Neonicotinoid resistance in the Colorado potato beetle
The Colorado potato beetle (Leptinotarsa decemlineata) is a significant pest of potato in most potato-growing areas of the world. Left unmanaged, the beetle can completely defoliating potato plants and reduce the yield by up to fifty percent. Currently, the management of L. decemlineata relies on use of insecticides, neonicotinoids in particular. However, emergence of insecticide resistance is a major concern. In insects, the most common cause of insecticide resistance is elevated detoxification of insecticide molecules, caused by quantitative changes in protein levels of detoxifying enzymes such as cytochrome P450s, uridine 5'-diphospho-glucuronosyl transferases (UDP-GTs), esterases, glutathione S-transferases (GSTs), and ATP-binding cassette (ABC) transporters. Therefore, we postulated that overexpression of these proteins contributes to neonicotinoid resistance in L. decemlineata. Using RNA sequencing and qPCR analyses, we identified multiple detoxifying enzyme and ABC transporters genes which are transcriptionally upregulated in a neonicotinoid resistant strain of L. decemlineata compared to a sensitive strain. To reveal their potential role in neonicotinoid resistance, we used RNA interference (RNAi) to knock-down the transcript levels of several of these genes in the resistant insects. We demonstrated that RNAi knock-down of transcription for a cytochrome P450 and a UDP-GT enzyme gene results in a significant increase in susceptibility of resistant insects to imidacloprid (a neonicotinoid insecticide), indicating contribution of these genes to resistance. Together, our results suggest that RNAi knock-down of resistance-related genes, in combination with chemical insecticides, can offer a novel control strategy for economically important pests, including L. decemlineata.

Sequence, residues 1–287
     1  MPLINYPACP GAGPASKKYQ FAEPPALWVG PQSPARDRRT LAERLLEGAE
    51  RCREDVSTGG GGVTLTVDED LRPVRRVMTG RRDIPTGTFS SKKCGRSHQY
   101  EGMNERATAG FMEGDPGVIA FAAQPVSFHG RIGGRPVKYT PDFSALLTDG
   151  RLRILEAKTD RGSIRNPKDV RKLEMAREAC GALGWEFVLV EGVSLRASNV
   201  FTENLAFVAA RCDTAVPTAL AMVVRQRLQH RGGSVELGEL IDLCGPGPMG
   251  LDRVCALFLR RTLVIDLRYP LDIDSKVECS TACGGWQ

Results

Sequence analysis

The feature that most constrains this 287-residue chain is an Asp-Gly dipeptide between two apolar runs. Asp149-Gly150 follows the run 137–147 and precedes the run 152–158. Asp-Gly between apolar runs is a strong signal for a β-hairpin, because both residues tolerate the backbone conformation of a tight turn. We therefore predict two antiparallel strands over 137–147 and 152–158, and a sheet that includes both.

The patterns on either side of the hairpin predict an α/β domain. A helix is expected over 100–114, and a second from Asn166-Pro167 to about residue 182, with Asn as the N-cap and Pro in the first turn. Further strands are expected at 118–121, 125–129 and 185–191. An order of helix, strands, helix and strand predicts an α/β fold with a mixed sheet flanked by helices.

Report a problem on this page
- Date modified: